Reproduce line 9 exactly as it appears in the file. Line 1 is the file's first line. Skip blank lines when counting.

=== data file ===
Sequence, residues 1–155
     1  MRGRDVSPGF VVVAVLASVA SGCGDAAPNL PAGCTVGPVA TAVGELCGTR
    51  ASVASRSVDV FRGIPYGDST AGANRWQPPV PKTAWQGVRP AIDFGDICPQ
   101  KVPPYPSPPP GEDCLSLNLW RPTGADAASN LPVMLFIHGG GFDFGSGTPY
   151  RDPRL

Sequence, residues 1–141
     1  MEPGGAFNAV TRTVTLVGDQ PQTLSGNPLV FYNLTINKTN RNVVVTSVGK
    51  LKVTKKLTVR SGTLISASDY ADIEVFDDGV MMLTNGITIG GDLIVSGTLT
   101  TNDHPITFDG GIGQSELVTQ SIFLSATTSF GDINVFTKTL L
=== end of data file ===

   101  TNDHPITFDG GIGQSELVTQ SIFLSATTSF GDINVFTKTL L